But though the Royals are first in ERA-, they’re ninth in the AL in FIP-. They’re tied for eighth in the AL in xFIP-. Those numbers aren’t bad, and you know what the Royals have? Great defense. They lead the majors in UZR. They’re the runner-up in Defensive Runs Saved. That’s a big help, because pitchers and defenders work together. But we have to look at the Royals’ rate of leaving runners on base. You’re familiar, probably, with LOB%. If not, go to town. The Royals have a pitching staff LOB% of 78.8%. That’s the highest mark in baseball. That’s one of the highest marks in baseball history.
Let’s go all the way back to 1950. That leaves us with a pool of 1,562 individual team seasons. League-average LOB% hasn’t stayed exactly the same over that span, but it’s remained fairly stable. Here now are the highest team pitching staff LOB% marks since 1950:
- 1968 Tigers, 79.5%
- 2013 Royals, 78.8%
- 1972 Indians, 78.8%
- 1972 Athletics, 78.1%
- 1972 Orioles, 77.9%
- 1964 White Sox, 77.8%
- 1954 Giants, 77.6%
- 2011 Phillies, 77.5%
- 2013 Pirates, 77.4%
- 1968 Cardinals, 77.3%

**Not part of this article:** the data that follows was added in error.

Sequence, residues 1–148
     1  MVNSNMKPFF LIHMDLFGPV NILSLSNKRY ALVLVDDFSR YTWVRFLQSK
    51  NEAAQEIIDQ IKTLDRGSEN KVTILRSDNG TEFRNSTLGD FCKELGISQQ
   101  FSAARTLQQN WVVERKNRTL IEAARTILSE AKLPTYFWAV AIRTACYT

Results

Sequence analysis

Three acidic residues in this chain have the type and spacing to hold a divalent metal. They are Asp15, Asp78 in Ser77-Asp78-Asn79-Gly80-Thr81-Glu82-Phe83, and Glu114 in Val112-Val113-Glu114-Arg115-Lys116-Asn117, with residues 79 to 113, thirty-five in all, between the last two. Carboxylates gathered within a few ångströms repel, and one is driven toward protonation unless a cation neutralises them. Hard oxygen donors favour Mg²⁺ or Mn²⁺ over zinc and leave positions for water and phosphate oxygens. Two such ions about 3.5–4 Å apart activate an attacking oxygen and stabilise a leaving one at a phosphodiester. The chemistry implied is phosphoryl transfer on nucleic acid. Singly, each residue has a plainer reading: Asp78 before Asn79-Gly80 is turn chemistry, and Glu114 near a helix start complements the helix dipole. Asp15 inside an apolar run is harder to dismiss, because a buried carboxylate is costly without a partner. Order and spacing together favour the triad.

You notice this year’s Pirates in there, too, and that’s a thing, but here the Royals are our focus. It’s true that better pitchers can be expected to post better LOB% rates than worse pitchers. But this year’s average is 73.2%, and as noted earlier, the Royals have been about exactly league average based on their peripherals as a staff. There isn’t good reason to believe the Royals’ pitchers are elite, and so there is good reason to expect this number to come down. And the relationship between LOB% and ERA- is steep. Every runner not stranded, after all, is a run.
The culprit, pretty obviously, is performance with runners on base. Hits with runners on base do more damage than hits not with runners on base. Teams tend to do a little worse with men on compared to with none on. Here’s the Royals’ breakdown: